WASHINGTON – Senate Republican leaders on Sunday took their most aggressive stance yet against a proposed arms-control treaty with Russia, casting new doubts over its chances of approval during the remaining days of the current Congress.
The top two GOP members of the Senate, Minority Leader Mitch McConnell of Kentucky and Minority Whip Jon Kyl of Arizona, said they oppose ratification of the new START treaty, which requires two-thirds of the Senate – 67 votes – to pass.
McConnell, citing concerns about language in the treaty concerning missile defense, accused Democrats of trying to fast-track the agreement through the chamber.
“All of a sudden, we’re once again trying to rush things right here before Christmas Eve,” McConnell told CNN. “I think that was not the best way to get the support of people like me.”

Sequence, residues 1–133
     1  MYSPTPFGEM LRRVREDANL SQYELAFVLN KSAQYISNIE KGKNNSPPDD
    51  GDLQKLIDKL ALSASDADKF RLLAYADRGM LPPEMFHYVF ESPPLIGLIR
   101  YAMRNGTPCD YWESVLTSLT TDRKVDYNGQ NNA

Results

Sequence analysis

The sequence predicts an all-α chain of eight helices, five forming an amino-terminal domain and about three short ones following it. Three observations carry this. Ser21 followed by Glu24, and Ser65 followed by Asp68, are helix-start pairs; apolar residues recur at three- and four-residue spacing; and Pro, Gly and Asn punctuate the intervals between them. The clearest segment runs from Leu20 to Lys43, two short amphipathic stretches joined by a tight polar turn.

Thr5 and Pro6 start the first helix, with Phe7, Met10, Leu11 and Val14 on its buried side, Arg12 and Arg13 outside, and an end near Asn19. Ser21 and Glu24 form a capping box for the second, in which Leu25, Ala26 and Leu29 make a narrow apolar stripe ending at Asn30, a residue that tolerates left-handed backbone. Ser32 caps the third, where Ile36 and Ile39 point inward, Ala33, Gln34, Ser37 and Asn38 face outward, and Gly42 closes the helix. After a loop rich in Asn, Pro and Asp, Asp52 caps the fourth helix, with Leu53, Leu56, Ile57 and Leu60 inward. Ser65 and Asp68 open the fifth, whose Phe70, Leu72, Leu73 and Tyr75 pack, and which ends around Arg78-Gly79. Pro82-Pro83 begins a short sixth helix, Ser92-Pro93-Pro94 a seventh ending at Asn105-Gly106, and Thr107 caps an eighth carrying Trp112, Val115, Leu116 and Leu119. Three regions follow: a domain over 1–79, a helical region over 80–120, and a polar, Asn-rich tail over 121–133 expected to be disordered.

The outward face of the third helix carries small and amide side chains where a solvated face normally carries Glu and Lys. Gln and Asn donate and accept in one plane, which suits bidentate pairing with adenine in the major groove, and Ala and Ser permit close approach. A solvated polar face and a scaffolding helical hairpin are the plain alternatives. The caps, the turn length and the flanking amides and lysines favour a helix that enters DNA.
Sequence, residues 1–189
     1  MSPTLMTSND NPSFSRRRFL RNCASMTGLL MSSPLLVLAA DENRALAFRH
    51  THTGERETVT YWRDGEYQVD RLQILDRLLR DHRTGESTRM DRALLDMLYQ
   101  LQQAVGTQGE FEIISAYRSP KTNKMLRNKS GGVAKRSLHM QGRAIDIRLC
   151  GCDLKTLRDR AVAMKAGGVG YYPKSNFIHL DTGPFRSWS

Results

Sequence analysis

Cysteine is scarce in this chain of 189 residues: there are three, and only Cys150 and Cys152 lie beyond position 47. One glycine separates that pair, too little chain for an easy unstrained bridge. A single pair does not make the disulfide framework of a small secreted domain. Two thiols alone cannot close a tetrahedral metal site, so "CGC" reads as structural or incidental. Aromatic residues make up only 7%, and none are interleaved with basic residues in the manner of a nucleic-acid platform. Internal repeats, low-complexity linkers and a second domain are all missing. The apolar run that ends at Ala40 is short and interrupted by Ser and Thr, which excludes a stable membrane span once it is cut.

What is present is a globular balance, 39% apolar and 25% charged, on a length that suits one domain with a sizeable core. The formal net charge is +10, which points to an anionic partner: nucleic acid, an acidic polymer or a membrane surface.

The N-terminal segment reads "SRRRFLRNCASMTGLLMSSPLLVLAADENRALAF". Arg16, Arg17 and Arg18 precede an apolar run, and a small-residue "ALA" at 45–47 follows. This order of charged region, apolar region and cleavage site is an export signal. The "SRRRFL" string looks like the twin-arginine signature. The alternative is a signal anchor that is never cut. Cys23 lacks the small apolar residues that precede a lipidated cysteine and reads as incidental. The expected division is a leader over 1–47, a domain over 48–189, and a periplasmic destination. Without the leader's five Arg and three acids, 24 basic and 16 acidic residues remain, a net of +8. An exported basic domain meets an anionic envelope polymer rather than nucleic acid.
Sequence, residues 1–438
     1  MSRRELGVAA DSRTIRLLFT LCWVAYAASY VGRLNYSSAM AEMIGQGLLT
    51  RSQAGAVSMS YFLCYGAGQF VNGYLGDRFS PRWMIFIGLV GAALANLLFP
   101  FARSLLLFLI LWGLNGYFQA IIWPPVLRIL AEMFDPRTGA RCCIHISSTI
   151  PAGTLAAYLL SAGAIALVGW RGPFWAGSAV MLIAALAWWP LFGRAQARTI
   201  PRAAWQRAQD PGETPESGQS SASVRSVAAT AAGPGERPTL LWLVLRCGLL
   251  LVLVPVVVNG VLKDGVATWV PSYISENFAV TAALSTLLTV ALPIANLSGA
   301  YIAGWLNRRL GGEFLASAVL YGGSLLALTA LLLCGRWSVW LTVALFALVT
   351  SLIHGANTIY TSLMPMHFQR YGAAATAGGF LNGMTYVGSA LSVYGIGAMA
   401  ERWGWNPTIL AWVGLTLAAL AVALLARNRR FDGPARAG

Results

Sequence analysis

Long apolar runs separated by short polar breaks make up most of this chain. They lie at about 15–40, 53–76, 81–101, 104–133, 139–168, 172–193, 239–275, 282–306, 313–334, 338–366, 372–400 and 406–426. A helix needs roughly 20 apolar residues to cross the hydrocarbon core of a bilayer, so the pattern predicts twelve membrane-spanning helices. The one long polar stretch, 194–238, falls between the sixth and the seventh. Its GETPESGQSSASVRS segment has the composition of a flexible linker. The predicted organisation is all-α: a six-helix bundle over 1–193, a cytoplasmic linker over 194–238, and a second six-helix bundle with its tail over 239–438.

Senate Majority Leader Harry Reid, D-Nev., quickly responded, saying he was disappointed at McConnell’s decision.
“I know many senators, including my colleagues on the other side of the aisle, who share the belief that this treaty is too critical to our national security to delay,” Reid said.
Supporters of the treaty say its quick approval is necessary in order for the United States to resume close monitoring of Russia’s nuclear stockpile.
In an interview on “Fox News Sunday,” Kyl said that whether the treaty receives a vote depends on whether enough time remains before the end of session to consider Republican amendments.
“This treaty needs to be fixed,” Kyl said. “And we are not going to have the time to do that in the bifurcated way or trifurcated way that we’re dealing with it here, with other issues being parachuted in all the time.”
Reid may attempt to file a motion to cut off Senate debate today or Tuesday in order to set up a vote before Christmas Eve.